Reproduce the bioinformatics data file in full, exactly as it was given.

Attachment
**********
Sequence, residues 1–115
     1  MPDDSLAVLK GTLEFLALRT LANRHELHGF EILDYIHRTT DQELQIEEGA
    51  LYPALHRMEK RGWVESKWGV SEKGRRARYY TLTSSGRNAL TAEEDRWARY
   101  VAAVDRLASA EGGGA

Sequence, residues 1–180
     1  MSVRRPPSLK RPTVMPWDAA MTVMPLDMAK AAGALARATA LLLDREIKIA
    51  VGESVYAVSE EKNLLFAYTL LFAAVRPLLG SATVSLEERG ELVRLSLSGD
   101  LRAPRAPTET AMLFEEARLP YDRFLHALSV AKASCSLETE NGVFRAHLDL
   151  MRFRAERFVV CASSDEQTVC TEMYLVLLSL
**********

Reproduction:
Sequence, residues 1–115
     1  MPDDSLAVLK GTLEFLALRT LANRHELHGF EILDYIHRTT DQELQIEEGA
    51  LYPALHRMEK RGWVESKWGV SEKGRRARYY TLTSSGRNAL TAEEDRWARY
   101  VAAVDRLASA EGGGA

Sequence, residues 1–180
     1  MSVRRPPSLK RPTVMPWDAA MTVMPLDMAK AAGALARATA LLLDREIKIA
    51  VGESVYAVSE EKNLLFAYTL LFAAVRPLLG SATVSLEERG ELVRLSLSGD
   101  LRAPRAPTET AMLFEEARLP YDRFLHALSV AKASCSLETE NGVFRAHLDL
   151  MRFRAERFVV CASSDEQTVC TEMYLVLLSL